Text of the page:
2. What authors did you enjoy when you were young? What authors influence you today?

J.R.R. Tolkien was and is my favorite author of all time. Read the books, the movies (dedicated Tolkien fan rolls eyes and shakes head sadly). The books are well worth the effort. In Lord of the Rings is the code for living a good life. The characters are so archetypal and the language so lyrical. This is what literary fiction is supposed to be.
Frank Herbert. Mr. Herbert was a world builder par-excellent. He also taught me how to think and to understand the inter-connectedness of elements in a story. You can’t change an element without it having a ripple effect on everything else in the story. For example, in any society with Faster Than Light (FTL) technology raw material shortages are very unlikely because their technology would have to be advanced enough to allow for the economic mining of asteroids. One thing leans on another. This is a constant source of irritation to me in a lot of sf and modern fantasy because people forget this simple fact. If someone can lift a couple of tons with their mind why aren’t they making a fortune launching satellites into orbit? In Dune you notice the only real thing in short supply was the spice, and on Dune water but that was a consequence of spice production, because it was a naturally occurring organic compound that couldn’t be synthesized and required unknown and rigorous conditions for its creation. Thus it became the basis for the economy. As I got older there were a lot of books by various authors. Pierre Berton with his books The Last Spike and The National Dream really impressed me. Here was the drama that was the birth of my nation not as dry text but as living characters put to the page. That is the way to interest people in history.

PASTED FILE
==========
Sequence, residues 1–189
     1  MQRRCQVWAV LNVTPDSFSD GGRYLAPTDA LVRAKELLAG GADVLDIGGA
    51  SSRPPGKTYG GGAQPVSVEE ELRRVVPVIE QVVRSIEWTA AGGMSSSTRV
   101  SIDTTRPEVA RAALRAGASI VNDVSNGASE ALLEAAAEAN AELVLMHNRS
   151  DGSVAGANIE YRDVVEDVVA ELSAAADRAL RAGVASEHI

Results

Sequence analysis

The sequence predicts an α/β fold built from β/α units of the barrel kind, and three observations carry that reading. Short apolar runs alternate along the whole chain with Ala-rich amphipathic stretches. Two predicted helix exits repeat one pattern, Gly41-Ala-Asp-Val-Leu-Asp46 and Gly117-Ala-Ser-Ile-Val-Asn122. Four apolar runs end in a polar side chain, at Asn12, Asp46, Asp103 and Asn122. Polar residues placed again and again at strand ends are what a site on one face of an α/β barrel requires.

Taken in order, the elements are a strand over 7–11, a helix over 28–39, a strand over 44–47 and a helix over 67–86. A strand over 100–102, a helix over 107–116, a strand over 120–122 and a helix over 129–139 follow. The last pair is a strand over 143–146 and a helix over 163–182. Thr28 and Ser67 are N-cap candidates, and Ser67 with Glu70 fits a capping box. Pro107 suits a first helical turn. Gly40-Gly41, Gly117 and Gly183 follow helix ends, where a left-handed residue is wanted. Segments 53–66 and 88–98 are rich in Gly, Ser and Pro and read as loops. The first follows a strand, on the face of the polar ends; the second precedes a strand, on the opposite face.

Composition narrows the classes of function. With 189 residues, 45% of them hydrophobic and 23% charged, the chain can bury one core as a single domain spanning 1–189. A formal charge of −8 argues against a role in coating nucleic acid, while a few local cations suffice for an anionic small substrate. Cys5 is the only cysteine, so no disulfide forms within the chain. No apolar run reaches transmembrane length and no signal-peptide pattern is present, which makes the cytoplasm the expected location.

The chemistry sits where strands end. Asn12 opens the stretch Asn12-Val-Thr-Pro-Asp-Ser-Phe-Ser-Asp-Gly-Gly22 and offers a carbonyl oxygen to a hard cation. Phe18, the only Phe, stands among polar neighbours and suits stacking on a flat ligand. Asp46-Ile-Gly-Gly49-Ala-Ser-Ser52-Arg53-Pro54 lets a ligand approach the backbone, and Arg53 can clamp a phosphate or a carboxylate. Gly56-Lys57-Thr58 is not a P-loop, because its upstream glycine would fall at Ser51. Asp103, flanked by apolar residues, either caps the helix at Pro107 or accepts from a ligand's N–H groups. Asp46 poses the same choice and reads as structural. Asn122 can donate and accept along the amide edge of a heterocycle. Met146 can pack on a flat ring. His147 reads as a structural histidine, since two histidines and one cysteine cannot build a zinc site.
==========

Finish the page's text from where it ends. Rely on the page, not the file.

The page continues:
I went through a time where I read a lot of historical fiction set around the American Revolution. Some of the Founding Fathers of the USA were truly great men.
To acknowledge this takes nothing from the greatness of my nation’s founders. Sadly, I think that these great men are spinning in their graves so quickly that you could hook a generator to them and power several cities. It is the way of all nations. They rise, peak, do great works that advance humanity (Can we say the moon landing), then decline to make way for the next dominant state. The cycle has gotten faster as advanced transport and communications have come more into play. This is not said to be insulting, but to simply note the recurrent patterns of history. I should also mention H.G. Wells and Homer as major inspirations. Currently, I am following the works of Jim Butcher, Harry Dresden Wizard for Higher, and Laurell K. Hamilton the Mary Gentry series as well as others.A very funny book I read recently was Welcome to the Multiverse *Sorry for the inconvenience by Ira Nayman. It had me laughing out loud in the dentist office, which if you knew my history with dentists would be a fare more impressive endorsement. I’m also fond of the young adult works of Timothy Carter. For a light read that none the less has something to say they are fantastic.